Prevalence of Major Depression and Its Associations With Demographic and Clinical Characteristics and Quality of Life in Chinese Patients With HBV-related Liver Diseases

Mei Liu, Lu Li, Su Jun Zheng, Jing Hua Zhao, Gabor S. Ungvari, Brian J. Hall, Zhong Ping Duan, Yu-Tao Xiang

Research output: Contribution to journalArticle

2 Citations (Scopus)

Abstract

BACKGROUND There are no data about the frequency of major depression in patients with liver disease related to Hepatitis B virus (HBV) in China. This study examined the prevalence of major depression and its clinical correlates and association with quality of life (QOL) in patients with HBV-related liver diseases. METHOD Altogether 634 patients with HBV-related liver diseases met study entry criteria and completed the survey. The diagnosis of major depression was established with the Mini International Neuropsychiatric Interview (MINI). Socio-demographic and clinical characteristics, Global Assessment of Functioning (GAF) and QOL were measured. RESULTS The prevalence of major depression was 6.4%. Multivariable logistic regression analyses revealed that insomnia (P = 0.01, OR = 5.5, 95%CI = 1.4–21.6) and global functioning (P < 0.001, OR = 0.6, 95% CI = 0.5–0.7) were independently associated with major depression. Major depression was associated with both poor physical (F (1, 634) = 4.0, P = 0.04) and mental QOL (F (1, 634) = 26.2, P < 0.001). CONCLUSIONS Given the negative impact of depression on patients’ QOL, more attempts should be made to identify and treat it in HBV-related diseases.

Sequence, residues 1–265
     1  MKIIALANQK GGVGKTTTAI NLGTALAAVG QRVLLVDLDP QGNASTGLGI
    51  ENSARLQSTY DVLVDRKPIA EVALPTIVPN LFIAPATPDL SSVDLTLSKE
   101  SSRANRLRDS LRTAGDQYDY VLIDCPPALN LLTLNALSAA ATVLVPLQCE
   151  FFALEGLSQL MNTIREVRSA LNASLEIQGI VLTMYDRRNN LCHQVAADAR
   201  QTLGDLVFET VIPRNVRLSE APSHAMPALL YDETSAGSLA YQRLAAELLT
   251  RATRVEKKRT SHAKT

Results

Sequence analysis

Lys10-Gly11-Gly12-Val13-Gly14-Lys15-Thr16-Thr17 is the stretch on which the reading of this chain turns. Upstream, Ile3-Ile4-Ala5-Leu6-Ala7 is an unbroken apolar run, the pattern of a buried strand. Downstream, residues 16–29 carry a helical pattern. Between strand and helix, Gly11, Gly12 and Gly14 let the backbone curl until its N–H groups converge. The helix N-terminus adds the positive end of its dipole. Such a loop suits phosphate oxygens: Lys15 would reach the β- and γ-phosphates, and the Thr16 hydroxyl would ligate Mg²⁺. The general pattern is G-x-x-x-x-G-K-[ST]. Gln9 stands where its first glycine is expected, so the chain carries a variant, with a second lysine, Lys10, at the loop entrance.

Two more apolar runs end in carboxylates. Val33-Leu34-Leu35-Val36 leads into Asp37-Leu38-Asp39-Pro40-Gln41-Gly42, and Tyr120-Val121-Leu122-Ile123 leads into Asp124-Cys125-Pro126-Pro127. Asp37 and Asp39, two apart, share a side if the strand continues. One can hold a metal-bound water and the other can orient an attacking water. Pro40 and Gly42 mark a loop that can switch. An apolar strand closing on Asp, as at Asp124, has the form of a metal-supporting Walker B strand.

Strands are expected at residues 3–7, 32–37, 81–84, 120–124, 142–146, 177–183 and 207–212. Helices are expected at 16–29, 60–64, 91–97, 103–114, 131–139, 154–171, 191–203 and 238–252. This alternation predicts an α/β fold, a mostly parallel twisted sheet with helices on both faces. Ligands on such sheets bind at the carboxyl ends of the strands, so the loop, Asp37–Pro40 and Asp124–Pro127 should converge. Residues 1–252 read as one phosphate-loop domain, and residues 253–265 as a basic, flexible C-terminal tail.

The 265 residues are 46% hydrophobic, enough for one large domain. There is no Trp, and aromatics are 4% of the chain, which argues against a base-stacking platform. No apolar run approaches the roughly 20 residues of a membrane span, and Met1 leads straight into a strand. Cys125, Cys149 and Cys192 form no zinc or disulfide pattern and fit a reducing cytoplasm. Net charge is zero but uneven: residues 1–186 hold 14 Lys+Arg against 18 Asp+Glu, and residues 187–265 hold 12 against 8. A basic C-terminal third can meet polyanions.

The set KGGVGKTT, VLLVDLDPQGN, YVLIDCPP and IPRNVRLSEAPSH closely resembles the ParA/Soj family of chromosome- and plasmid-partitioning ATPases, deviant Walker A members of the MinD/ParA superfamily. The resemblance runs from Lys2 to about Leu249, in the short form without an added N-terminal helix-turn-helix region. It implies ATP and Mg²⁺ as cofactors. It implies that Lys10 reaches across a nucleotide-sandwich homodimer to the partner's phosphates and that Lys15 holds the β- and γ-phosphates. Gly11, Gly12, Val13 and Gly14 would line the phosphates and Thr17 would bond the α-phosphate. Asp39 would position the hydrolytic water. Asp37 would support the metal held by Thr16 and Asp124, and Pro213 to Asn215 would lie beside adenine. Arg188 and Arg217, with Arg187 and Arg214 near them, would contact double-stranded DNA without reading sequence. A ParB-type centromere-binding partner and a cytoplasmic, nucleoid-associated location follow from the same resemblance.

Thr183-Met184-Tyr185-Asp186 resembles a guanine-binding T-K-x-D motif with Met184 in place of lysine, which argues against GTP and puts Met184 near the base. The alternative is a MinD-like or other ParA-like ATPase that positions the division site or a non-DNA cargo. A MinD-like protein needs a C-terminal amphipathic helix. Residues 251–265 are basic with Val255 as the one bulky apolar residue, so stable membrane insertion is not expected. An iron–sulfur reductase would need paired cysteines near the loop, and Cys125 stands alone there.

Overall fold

Original languageEnglish
Pages (from-to)287-290
Number of pages4
JournalArchives of Psychiatric Nursing
Volume31
Issue number3
DOIs
Publication statusPublished - 1 Jun 2017

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